Pro League and Interior Minister propose new action plan on hooliganism: “Stadium ban up to 10 years”

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After the many incidents of hooliganism in our football this season, the Pro League, Interior Minister Annelies Verlinden, the police services and the KBVB have worked on an action plan.

Valerie Van Avermaet

Following various bad incidents with football supporters at and around matches this season, the Pro League, in consultation with the Home Affairs Football Cell, the Minister of the Interior and her cabinet, the police services, the professional clubs and the KBVB, initiated an action plan that must offer a solution to the identified pain points in the short term. “We can no longer tolerate a minority making our football unsafe,” explains Minister of the Interior Annelies Verlinden. “Football should be a party for everyone.”

“The renewed approach is based on three basic principles: increasing the chance of being caught in the event of infringements, faster enforcement and follow-up of sanctions and a uniform approach to incidents in all stadiums. To succeed in this, everyone involved in the football world must take responsibility. I am therefore delighted that all partners are joining forces to ensure that football takes place in the safest and most pleasant conditions,” says Verlinden.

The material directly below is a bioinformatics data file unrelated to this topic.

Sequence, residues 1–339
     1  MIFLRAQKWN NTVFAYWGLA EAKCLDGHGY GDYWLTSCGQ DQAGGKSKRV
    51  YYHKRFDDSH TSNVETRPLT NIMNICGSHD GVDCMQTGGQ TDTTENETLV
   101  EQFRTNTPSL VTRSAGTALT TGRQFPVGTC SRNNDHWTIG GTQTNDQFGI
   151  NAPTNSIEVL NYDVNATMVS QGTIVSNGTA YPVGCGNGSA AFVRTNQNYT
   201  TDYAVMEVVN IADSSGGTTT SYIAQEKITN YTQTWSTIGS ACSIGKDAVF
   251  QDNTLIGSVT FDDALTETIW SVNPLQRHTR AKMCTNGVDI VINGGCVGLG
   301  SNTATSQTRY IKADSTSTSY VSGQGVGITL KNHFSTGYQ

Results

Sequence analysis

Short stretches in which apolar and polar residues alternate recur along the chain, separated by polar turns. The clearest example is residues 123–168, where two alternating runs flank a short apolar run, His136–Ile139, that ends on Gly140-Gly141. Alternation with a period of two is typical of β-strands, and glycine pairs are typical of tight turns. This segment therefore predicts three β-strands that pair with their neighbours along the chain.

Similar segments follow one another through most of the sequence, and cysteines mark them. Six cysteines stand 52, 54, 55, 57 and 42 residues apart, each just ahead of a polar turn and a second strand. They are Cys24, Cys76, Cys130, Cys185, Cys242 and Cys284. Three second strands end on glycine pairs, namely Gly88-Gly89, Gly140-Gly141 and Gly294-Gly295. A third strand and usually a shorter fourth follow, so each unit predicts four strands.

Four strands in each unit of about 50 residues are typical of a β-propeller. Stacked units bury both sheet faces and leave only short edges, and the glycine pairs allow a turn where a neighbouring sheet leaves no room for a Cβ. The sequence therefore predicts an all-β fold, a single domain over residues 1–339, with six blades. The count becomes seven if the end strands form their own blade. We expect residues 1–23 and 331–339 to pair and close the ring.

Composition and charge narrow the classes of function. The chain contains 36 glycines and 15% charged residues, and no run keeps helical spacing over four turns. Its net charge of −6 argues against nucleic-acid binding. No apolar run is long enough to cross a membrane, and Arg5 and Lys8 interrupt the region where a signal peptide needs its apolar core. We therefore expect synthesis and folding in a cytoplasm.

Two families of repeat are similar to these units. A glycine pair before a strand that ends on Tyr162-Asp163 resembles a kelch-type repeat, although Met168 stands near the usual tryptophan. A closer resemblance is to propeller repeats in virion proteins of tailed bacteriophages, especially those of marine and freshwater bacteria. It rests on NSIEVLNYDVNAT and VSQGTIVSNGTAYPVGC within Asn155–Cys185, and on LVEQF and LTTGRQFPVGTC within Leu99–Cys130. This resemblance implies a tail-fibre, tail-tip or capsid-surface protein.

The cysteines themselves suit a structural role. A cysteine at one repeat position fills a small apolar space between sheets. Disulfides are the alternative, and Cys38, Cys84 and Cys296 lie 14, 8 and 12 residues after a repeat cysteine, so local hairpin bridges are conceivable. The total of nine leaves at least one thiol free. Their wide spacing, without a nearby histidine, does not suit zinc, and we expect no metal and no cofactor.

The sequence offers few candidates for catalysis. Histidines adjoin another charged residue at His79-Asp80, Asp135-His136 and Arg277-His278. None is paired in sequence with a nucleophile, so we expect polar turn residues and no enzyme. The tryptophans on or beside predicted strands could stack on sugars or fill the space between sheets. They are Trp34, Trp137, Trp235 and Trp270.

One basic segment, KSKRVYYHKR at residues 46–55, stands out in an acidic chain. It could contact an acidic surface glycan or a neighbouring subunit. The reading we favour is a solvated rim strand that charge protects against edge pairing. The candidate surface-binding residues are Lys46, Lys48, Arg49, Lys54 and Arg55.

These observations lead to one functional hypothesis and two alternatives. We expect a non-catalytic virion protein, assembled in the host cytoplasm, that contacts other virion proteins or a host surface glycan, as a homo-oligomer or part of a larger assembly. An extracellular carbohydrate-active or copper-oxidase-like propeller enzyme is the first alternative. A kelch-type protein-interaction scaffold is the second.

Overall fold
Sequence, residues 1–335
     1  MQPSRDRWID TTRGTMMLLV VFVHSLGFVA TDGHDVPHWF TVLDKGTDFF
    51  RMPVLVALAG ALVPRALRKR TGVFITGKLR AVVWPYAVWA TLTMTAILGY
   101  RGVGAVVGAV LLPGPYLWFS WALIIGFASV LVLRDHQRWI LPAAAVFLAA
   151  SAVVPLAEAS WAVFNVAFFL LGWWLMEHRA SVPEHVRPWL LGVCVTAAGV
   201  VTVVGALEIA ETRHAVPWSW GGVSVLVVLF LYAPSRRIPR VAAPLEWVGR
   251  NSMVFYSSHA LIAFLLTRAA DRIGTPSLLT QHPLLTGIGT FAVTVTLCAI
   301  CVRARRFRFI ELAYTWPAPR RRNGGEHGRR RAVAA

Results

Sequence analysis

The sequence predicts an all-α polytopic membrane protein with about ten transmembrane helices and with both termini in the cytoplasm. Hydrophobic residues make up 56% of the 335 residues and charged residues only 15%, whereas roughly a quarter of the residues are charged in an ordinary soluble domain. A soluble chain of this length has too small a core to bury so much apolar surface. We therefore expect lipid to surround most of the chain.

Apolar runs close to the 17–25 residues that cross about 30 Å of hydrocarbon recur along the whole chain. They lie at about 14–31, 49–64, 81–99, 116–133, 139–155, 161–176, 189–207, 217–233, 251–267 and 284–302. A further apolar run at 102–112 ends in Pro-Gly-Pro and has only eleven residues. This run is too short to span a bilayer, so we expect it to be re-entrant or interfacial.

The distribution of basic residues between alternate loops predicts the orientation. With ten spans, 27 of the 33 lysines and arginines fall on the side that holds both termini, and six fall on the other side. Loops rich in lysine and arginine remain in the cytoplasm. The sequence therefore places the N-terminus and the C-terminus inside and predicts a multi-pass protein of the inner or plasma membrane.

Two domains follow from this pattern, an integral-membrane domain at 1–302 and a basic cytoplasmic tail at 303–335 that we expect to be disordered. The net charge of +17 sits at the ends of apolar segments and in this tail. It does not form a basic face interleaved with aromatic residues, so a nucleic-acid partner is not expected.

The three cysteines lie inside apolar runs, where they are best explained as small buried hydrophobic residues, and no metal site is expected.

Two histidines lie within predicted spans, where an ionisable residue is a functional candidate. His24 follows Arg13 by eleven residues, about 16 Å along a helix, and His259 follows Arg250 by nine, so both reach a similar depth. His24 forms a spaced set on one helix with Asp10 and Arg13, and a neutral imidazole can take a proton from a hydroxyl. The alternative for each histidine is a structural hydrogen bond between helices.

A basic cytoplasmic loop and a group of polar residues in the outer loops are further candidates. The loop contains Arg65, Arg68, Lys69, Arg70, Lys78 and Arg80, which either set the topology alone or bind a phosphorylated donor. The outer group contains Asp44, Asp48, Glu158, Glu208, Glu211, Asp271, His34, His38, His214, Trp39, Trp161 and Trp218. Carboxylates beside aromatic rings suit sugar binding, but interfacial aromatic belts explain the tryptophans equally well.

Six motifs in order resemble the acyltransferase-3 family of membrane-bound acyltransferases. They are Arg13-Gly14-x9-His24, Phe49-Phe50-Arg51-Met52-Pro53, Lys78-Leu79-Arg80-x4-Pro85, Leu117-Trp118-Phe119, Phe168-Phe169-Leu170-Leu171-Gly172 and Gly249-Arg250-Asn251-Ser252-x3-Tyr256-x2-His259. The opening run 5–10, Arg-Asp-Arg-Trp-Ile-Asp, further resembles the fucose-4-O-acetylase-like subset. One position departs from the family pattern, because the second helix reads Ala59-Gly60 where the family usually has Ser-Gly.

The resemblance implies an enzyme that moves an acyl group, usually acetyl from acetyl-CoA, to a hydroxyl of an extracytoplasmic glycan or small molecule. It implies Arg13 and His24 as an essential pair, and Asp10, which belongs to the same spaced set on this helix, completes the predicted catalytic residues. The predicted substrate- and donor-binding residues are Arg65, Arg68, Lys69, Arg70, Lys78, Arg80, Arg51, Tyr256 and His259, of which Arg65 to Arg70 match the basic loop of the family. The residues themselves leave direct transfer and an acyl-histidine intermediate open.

For example, there must be clear messages in stadiums that violations related to racism, violence and illegal use of pyrotechnic material immediately lead to a stadium ban. A monitoring and guidance committee will also be set up to help monitor the policy. Furthermore, there will be zero tolerance for racism and discrimination, illegal use of pyrotechnic objects and physical violence. The sanctions for those infringements will be tightened and can lead to a ten-year stadium ban from next season. Furthermore, recidivism can lead to a lifelong stadium ban from next season and the stadium ban will be linked to a perimeter ban for serious infringements.

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Named tickets

In order to better monitor these stadium bans, the recognition systems for access control are being reviewed. In addition to increased, targeted, physical checks, the Pro League, together with the clubs and the government, will also look at which technological innovations can be used for identification and authentication. The regulations regarding ticketing will be tightened by the government. Subscriptions and tickets will be linked to individually identified persons. The systems of Pro League ticketing provider Roboticket are being used to strengthen the database of stadium bans. Individuals with a stadium ban will no longer be able to purchase tickets. The government is also setting up a process to implement the cross-border stadium bans.

The Pro League will also make an analysis of the current camera systems used. A process is being set up whereby 360* camera systems will become the standard in Pro League stadiums. In collaboration with partners, training is also provided for efficient use of these systems. The intention is also to punish the people in question more quickly. “We want to work with the security personnel, who will be given more responsibilities, and everyone else involved on this plan,” said Pro League CEO Lorin Parys. “We are giving ourselves five years to work on this.”

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